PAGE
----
Tackling climate change

October 2023
53% of Irish people are concerned about the impact climate change will have on their local community.

We’re hearing a lot about the climate crisis in recent years and the facts are plain to see. The last eight years have been the hottest on record and research has shown that global temperatures are warming at a trajectory which is no longer sustainable for the environment to survive¹.

We partnered with the Journal.ie for our Securing Your Future survey series* and found that over half of Irish people are concerned about what the impact climate change with have on their local area. With that in mind, we put together some simple ways to live more sustainably, which are not only good for the environment but can be good for your bank account too!

The Securing Your Future survey series results suggest that concern about the effects of climate change on local areas is a more pressing issue for younger generations. Among those surveyed, 6 out of ten aged between 18 and 44 said they were concerned about the potential impact of climate change on their local area.

We’ve all heard of the targets placed on Ireland and other countries in order to tackle the climate crisis. But while it’s important that governments take action – and the public continues to pressure governments for action – experts have said there’s still a lot that individuals can do to counter climate change. Research has shown that lifestyle changes could play a key role in helping the planet slash emissions by up to 70% by 2050².

That’s why we’ve put together this guide to being more eco-friendly in different parts of our lives. We want to highlight the personal changes that you can make to contribute towards system change and improve your local community.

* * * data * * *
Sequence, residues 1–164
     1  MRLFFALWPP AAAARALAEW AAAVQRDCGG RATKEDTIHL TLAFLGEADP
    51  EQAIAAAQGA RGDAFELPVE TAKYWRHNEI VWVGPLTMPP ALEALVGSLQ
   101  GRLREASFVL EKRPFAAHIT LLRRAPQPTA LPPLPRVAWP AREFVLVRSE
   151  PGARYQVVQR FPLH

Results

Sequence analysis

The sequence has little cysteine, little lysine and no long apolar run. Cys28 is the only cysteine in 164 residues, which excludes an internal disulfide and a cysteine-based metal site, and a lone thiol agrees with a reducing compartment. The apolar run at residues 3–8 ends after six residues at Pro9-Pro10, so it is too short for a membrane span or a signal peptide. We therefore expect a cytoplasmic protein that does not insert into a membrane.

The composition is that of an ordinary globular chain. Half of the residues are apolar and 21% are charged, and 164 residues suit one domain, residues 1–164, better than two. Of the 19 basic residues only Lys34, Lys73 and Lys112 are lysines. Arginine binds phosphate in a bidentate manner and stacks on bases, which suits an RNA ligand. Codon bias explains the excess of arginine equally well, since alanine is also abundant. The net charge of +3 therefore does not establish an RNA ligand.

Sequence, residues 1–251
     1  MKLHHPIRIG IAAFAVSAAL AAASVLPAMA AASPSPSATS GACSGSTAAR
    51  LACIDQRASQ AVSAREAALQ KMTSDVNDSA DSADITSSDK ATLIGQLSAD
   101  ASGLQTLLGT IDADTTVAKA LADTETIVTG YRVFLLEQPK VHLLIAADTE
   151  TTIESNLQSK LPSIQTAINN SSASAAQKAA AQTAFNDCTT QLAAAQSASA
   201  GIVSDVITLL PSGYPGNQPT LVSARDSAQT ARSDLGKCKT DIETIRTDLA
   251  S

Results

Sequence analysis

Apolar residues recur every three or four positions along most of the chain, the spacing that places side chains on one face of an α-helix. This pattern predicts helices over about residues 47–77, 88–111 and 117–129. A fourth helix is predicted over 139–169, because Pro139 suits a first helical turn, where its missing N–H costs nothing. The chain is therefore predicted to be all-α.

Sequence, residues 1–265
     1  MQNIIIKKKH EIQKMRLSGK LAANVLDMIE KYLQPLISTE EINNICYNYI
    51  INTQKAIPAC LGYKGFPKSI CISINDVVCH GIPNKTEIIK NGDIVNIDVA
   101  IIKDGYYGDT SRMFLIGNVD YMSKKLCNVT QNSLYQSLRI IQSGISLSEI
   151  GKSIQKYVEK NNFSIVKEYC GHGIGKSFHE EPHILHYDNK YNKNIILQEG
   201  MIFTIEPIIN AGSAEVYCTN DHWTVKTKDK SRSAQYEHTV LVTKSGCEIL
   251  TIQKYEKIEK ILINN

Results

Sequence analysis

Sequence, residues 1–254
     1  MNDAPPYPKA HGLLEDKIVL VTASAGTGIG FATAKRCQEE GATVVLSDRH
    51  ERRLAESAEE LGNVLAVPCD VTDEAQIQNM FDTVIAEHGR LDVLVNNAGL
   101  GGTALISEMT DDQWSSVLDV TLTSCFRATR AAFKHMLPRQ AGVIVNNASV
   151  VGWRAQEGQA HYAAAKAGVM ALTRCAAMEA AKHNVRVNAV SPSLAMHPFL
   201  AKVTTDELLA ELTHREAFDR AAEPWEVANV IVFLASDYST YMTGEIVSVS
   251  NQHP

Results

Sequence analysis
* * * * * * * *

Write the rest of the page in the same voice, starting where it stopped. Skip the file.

Homes and businesses across Ireland are making efforts to make their practices more sustainable and prepare for changes to climate in the future. Indeed, 29% of respondents to our survey said they believed that climate change would impact their home directly.

To address concerns such as these, we at Allianz have launched Climate Safe Homes, an initiative where we bring together key stakeholders across construction, engineering, and architecture to pioneer and develop a new home building model designed specifically to withstand the effects of Ireland’s changing climate. Climate Safe Homes intends to accelerate climate adaptive home building in Ireland, and will focus on future-proofing newly built homes while also identifying ways to retrofit our existing homes to ensure they can withstand climate change.

climate safe homes

As a leading insurer of Irish homes and business, this initiative forms just one part of our wider sustainability commitements

When it comes to our own home, 1 in 4 respondents to our Securing Your Future survey series said they didn’t know or were unsure of what changes they could make to run a more sustainable home. But it’s important to know there’s an opportunity for you to make some big wins right now on your quest for a more sustainable home.

Reducing the temperature on your thermostats by just one degree can help lower your heating bill by 10% and help reduce your energy use ³. Upgrading to energy-efficient LED lights is a great way to save money and energy on lighting4, compared to using older, inefficient bulbs. Limit using your dryer and use a lower temperature for your washing machine and dishwasher, as well as not using both until you have a full load. Read more about our energy saving tips here.

The Government has also introduced a series of supports to help households upgrade their home energy rating. Check out Sustainable Energy Authority of Ireland (SEAI) for more information on the grants available for upgrading your home to make it more efficient and eco-friendly.